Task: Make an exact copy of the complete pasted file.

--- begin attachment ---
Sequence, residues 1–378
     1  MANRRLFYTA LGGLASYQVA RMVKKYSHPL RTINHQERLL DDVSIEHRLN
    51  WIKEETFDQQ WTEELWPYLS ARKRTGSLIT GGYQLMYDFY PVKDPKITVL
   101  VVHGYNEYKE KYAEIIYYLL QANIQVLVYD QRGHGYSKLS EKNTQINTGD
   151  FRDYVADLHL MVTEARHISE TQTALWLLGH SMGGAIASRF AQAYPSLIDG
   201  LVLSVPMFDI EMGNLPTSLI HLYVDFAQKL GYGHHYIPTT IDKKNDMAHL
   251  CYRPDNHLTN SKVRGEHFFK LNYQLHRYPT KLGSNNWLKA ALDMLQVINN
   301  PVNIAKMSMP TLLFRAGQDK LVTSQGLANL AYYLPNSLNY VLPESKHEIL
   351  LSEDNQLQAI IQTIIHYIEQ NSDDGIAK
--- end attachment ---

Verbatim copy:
Sequence, residues 1–378
     1  MANRRLFYTA LGGLASYQVA RMVKKYSHPL RTINHQERLL DDVSIEHRLN
    51  WIKEETFDQQ WTEELWPYLS ARKRTGSLIT GGYQLMYDFY PVKDPKITVL
   101  VVHGYNEYKE KYAEIIYYLL QANIQVLVYD QRGHGYSKLS EKNTQINTGD
   151  FRDYVADLHL MVTEARHISE TQTALWLLGH SMGGAIASRF AQAYPSLIDG
   201  LVLSVPMFDI EMGNLPTSLI HLYVDFAQKL GYGHHYIPTT IDKKNDMAHL
   251  CYRPDNHLTN SKVRGEHFFK LNYQLHRYPT KLGSNNWLKA ALDMLQVINN
   301  PVNIAKMSMP TLLFRAGQDK LVTSQGLANL AYYLPNSLNY VLPESKHEIL
   351  LSEDNQLQAI IQTIIHYIEQ NSDDGIAK